Josh (far left) with the Australian cast of The Book of Mormon

What is your song writing process like?

Josh: This is a pretty common question for song writers, and the answer really changes with the song! For most of the song, I’ll come up with a chord progression on the piano and then find a story that I want to write about. Then I’ll discover buzz words about the story and start to make these little branches of lines appear. Usually the chorus comes first. But that’s not even always the case! With ‘Stay’, I’d written the little chord change bounce around, and a completely different chorus progression. James, who does most of the music composition, took what I’d laid down on piano and build the rest of the instruments around it, and while I was at dinner not checking my phone completely change the rest of the track. Turned out for the better! Even the chorus we have now was rewritten melodically a few times. Sometimes inspiration comes out of nowhere. One of the songs on the EP we wrote in basically a night after James came up with a drum beat in the shower. That one I started with the verse lyrically, cause I instantly knew the story it was about. The overall way that I write songs though, is usually something happens to me or its about someone, and the song writing process is a cathartic way of dealing with it. I won’t lie, a lot of the songs on the EP are about break ups, which I happened to experience a few of while writing this. One man’s tragedy is the same man’s inspiration! But yeah, I’m very excited to share these songs and hopefully people resonate with the lyrics and maybe had a similar year. Also getting out of covid, we just need to have some good tunes to song along with.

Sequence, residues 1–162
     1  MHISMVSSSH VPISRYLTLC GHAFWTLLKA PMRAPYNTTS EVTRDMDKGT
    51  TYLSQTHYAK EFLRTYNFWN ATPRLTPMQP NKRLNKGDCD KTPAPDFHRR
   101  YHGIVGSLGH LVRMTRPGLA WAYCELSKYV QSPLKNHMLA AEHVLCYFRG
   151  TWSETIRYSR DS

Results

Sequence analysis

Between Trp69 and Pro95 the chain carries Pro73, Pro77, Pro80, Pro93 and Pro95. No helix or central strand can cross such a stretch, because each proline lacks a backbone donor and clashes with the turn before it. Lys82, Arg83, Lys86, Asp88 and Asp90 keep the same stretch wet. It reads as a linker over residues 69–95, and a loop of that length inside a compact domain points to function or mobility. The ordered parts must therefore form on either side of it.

You can stream Gunning for Allie’s music on iTunes and Spotify

Check out the Gunning for Allie Facebook Page for more information.

Gabi Bergman

Gabi Bergman is a Melbourne-based performer and educator, and is the current Deputy Editor-in-Chief of She holds a Double Arts degree in Theatre Studies and Film/Screen Studies and a Master of Teaching (Secondary Education). Gabi has always been an avid lover of theatre, specifically musicals, and spends way too much money than she’d like to admit on tickets. Her most prized possession is her crate of theatre programs.

Gabi Bergman

Leave a Reply

Your email address will not be published. Required fields are marked *